BANDAR SERI BEGAWAN, Sept 6 (Reuters) – Myanmar’s military rulers have agreed to an ASEAN call for a ceasefire until the end of the year to ensure distribution of humanitarian aid, Japan’s Kyodo news agency said, citing the envoy of the southeast Asian bloc to the crisis-torn nation.
Following a coup in February, the Association of Southeast Asian Nations (ASEAN) has been trying to end violence in which hundreds have been killed in Myanmar, and open a dialogue between the military rulers and their opponents.
The envoy, Erywan Yusof, proposed the ceasefire in a video conference with Foreign Minister Wunna Maung Lwin, and the military had accepted it, he told the agency.
“This is not a political ceasefire. This is a ceasefire to ensure safety, (and) security of the humanitarian workers” in their effort to distribute aid safely, Erywan said, according to Sunday’s report.
“They didn’t have any disagreement with what I said, with regards to the ceasefire,” it quoted the envoy as saying.
Erywan had also passed his proposal indirectly to parties opposed to rule by the military, it added.
A military spokesman did not answer calls from Reuters to seek comment.
The junta could not be trusted to honour the deal, however,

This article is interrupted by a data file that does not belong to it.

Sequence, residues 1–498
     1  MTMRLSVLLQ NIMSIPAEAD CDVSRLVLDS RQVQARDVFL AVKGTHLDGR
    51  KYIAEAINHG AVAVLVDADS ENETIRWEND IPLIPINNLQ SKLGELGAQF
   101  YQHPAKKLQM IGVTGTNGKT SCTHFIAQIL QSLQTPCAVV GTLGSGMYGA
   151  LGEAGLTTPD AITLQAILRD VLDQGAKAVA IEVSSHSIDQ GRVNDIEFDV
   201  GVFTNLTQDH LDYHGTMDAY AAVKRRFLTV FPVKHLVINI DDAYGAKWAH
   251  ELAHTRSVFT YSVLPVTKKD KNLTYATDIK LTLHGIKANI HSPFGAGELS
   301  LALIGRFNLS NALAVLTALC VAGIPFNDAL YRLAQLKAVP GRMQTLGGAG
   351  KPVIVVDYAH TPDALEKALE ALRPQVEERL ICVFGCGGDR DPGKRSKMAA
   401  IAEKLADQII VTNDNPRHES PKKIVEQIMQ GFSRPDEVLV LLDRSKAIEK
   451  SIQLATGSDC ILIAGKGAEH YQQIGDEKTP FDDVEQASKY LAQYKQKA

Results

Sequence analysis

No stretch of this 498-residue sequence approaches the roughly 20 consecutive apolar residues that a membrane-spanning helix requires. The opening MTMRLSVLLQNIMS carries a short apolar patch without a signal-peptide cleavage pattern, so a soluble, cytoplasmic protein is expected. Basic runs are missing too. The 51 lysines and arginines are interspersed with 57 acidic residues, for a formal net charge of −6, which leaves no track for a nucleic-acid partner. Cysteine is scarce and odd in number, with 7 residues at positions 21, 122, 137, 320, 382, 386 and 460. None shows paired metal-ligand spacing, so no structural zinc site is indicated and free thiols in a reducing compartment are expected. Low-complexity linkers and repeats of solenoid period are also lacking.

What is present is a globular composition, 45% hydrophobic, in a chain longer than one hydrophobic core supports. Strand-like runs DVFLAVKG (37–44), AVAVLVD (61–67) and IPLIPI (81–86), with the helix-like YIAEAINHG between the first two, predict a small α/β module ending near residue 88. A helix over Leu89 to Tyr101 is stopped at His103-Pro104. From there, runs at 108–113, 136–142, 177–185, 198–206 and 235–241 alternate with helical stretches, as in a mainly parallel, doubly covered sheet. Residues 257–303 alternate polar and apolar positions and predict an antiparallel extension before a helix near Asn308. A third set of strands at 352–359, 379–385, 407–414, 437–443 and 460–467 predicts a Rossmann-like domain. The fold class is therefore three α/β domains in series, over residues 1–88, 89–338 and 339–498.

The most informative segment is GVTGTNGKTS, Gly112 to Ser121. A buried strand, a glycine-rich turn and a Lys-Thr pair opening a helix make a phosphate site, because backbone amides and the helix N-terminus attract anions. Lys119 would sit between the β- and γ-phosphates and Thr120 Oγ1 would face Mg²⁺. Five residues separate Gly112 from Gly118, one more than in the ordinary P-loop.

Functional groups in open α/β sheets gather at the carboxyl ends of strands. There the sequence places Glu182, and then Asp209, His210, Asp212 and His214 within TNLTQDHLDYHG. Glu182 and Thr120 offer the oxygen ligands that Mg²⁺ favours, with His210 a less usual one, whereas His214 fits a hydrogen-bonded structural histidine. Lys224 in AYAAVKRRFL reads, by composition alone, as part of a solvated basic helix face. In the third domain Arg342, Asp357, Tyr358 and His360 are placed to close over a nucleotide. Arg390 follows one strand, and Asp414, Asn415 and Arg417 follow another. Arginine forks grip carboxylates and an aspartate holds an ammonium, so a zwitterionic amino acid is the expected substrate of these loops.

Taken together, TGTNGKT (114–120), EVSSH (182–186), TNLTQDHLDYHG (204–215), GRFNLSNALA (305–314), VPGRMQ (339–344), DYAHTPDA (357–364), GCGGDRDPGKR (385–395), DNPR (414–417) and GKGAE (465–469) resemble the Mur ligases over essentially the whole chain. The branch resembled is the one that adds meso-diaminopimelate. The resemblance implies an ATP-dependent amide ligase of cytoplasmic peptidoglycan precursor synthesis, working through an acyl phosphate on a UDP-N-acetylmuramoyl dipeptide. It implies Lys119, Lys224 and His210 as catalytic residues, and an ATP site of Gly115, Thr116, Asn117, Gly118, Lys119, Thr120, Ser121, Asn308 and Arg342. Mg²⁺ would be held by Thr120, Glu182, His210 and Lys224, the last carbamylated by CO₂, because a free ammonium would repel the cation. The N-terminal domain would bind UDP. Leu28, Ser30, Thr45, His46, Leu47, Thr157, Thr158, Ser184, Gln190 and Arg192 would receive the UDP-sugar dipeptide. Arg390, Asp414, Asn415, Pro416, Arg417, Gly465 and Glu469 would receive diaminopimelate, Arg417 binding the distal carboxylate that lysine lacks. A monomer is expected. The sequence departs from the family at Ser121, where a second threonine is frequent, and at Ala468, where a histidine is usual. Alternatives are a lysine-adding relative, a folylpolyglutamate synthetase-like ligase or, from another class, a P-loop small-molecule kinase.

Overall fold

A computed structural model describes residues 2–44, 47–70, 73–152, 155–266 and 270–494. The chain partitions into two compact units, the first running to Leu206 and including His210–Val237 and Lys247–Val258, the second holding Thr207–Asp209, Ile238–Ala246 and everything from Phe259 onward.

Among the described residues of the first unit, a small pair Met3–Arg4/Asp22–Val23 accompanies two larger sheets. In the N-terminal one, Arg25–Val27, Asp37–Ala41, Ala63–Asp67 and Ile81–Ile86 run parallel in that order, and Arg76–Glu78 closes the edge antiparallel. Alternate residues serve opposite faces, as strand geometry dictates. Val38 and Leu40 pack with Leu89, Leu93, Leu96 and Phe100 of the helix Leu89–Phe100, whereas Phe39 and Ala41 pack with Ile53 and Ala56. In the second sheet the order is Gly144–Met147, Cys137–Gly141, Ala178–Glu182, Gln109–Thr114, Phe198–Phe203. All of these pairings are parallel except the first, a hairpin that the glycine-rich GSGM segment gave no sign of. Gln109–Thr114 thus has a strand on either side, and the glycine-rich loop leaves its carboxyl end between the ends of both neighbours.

Myanmar pro-democracy activist Thinzar ShunLei Yi told Reuters, adding, “Ceasefires buy more time for the military to reload bullets.”
Maw Htun Aung, a deputy minister in the National Unity Government formed of opponents of military rule, said ASEAN needed to tell the junta to stop “killing and terrorising” its own people.
In an interview with Reuters on Saturday, Erywan said he was still negotiating with the military over the terms of a visit he hoped to make before late October, and had sought access to ousted leader Aung San Suu Kyi. read more
“What we are calling for now is … for all sides to undertake a cessation of violence, especially with regards to distribution of humanitarian assistance,” he said.
ASEAN nations and dialogue partners had pledged $8 million in aid for Myanmar, he added.
The military seized power after alleging irregularities in an election swept by Suu Kyi’s National League for Democracy party. International monitors and the electoral commission at the time said the army accusations were wrong.
Reporting by A. Ananthalakshmi in Kuala Lumpur and Ain Bandial in Bandar Seri Begawan; Editing by Ed Davies and Clarence Fernandez